After more than nine hours of public comment and discussion, Atlanta City Council approved a deal that will allow the private developer, CIM Group, to build out the Gulch.
The Gulch is a 40-acre hole in downtown Atlanta across from State Farm Arena and Mercedes-Benz Stadium. It was once the transportation hub of Atlanta in the early 1900s. Due to congestion with trains and pedestrian traffic, the city raised surrounding streets and created the depression.
The four pieces of legislation will give CIM access to nearly $2 billion in public funding.
Mayor Keisha Lance Bottoms spoke to the council after the vote and said she believes this deal will be a model for other cities.
“We have done what Atlanta does best,” Bottoms said thanking the city council. “We have found a way to make sure that business and our communities are working hand in hand to make Atlanta better for the people of this city.”
The controversial project took months to get passed. Bottoms tried to push the legislation through a city council committee in September before saying she wouldn’t ask for a vote from the full council. In October, another potential vote was delayed as the public and city council members asked for more time and information.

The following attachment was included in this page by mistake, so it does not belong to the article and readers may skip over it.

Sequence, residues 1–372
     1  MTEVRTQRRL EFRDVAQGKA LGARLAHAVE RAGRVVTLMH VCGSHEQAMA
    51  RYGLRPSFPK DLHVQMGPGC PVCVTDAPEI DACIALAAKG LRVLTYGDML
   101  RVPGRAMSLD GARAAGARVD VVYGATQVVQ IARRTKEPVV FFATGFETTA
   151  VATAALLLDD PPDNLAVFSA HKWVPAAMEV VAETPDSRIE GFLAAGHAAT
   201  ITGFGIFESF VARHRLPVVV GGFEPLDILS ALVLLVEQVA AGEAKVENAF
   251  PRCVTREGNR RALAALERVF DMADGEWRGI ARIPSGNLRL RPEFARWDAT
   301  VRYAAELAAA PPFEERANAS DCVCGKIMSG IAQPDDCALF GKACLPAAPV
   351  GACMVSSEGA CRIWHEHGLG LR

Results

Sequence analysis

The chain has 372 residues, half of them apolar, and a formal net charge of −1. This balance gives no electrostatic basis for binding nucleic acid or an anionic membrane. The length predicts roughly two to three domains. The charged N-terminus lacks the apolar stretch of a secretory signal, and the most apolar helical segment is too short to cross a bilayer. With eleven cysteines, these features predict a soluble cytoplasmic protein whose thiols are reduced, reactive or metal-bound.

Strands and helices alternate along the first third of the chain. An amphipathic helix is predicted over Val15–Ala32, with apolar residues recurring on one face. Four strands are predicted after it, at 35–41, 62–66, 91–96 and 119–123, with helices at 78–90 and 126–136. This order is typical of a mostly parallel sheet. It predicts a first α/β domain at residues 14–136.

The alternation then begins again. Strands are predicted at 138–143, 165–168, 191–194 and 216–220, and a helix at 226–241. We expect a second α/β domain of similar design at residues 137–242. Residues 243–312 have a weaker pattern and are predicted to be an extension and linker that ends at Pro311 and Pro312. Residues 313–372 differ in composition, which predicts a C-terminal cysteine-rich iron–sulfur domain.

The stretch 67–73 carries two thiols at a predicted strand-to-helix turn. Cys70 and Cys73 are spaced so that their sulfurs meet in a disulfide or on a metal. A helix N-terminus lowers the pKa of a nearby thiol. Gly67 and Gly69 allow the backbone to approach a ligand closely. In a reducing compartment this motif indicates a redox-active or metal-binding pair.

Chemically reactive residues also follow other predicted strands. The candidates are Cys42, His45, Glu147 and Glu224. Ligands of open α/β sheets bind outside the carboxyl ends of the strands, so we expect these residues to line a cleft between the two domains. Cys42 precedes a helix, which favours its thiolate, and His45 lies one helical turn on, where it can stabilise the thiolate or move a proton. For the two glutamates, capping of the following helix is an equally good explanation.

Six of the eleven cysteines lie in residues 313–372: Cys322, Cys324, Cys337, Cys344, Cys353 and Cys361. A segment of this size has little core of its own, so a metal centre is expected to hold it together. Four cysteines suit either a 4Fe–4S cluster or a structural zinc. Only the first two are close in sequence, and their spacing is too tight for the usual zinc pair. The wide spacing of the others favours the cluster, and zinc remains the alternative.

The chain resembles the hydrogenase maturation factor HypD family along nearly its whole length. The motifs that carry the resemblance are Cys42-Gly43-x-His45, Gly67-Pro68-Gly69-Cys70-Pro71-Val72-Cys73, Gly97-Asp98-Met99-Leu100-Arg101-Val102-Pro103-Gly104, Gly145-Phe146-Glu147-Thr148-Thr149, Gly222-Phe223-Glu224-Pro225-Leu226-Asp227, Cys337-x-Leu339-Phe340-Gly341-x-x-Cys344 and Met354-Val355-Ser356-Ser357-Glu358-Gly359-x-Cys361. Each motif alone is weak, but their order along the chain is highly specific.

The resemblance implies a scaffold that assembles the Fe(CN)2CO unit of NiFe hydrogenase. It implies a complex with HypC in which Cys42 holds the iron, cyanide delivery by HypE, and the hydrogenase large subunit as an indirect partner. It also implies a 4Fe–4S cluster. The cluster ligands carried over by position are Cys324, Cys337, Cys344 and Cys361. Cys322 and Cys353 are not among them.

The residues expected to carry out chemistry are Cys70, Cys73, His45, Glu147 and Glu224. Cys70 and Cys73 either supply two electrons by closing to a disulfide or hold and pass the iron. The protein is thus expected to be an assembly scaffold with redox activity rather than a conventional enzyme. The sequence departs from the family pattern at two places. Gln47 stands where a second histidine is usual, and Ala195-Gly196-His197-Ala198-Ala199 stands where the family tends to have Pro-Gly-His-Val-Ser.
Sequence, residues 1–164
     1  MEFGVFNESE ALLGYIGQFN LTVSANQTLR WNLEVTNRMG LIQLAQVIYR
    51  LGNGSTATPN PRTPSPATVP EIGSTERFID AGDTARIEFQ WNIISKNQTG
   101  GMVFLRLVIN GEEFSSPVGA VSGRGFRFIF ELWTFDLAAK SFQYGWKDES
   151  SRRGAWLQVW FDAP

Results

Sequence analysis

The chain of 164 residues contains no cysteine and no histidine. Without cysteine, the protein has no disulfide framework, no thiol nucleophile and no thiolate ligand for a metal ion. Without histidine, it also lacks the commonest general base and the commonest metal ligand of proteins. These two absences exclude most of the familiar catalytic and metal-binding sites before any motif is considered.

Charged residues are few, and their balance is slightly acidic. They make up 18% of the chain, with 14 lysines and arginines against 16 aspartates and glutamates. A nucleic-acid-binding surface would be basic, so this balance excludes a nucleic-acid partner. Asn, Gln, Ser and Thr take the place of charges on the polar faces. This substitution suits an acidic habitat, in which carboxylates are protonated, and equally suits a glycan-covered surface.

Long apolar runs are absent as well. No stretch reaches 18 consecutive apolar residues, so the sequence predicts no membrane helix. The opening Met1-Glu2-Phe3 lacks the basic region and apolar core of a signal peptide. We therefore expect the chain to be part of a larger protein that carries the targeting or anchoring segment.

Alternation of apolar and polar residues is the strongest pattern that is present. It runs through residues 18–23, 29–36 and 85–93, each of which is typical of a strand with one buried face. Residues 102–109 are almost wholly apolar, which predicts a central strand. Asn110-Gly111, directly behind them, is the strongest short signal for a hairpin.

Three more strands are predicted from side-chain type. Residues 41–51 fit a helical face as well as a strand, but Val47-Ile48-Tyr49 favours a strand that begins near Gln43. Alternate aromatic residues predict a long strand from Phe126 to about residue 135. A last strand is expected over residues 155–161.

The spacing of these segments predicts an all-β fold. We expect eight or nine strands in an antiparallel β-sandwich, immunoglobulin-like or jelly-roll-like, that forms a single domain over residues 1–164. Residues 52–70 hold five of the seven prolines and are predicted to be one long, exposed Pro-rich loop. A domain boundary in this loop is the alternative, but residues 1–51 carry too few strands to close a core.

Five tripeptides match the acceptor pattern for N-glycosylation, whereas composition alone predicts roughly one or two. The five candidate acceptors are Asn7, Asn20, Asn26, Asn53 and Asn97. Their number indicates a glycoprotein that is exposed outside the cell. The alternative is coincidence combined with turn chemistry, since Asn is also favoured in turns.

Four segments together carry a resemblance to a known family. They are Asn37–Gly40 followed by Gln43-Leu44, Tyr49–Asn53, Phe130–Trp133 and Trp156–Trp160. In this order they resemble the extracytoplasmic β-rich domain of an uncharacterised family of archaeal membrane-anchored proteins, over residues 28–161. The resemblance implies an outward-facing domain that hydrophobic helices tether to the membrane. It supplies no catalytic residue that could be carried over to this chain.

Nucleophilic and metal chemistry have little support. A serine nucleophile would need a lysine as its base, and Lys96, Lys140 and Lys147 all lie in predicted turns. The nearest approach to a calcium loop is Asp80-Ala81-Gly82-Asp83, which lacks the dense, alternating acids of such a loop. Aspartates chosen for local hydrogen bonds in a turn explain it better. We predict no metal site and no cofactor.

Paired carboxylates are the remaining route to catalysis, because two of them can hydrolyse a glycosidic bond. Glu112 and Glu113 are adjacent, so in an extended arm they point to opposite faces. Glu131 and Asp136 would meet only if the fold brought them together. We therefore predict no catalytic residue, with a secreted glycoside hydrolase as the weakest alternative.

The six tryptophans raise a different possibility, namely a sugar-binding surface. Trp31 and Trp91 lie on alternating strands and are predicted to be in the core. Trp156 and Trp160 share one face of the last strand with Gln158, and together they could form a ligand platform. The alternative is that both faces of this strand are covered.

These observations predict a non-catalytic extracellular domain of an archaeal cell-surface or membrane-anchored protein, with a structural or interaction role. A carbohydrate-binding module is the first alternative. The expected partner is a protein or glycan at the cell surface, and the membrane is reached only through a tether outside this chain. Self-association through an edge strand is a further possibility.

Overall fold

The mayor then held a public information session breaking down details of the deal for the public. About a week before the final vote, some city council members held a work session to discuss a newly negotiated deal after resisting the mayor’s original proposal.
During the many hours of public comment over the past few months, many residents said they were concerned with the lack of attention paid to affordable housing and the problems this development would create for residents living in the area.
Concerns also stemmed from the amount of public money being put into the project while the city has a number of other issues to deal with, like transportation and reducing the homeless population.
To address some of those concerns, the deal approved with CIM requires a percentage of the proposed thousand units to be affordable along with office space. The proposal also includes 1,500 hotel rooms to be built in the Gulch.
Before the final vote, Norfolk Southern sent a letter to the city council saying a “no” vote would hurt the city’s chances of landing the company’s headquarters.
The Gulch redevelopment also gained the support of Gov. Nathan Deal, Andrew Young, and Democratic candidate for governor Stacey Abrams.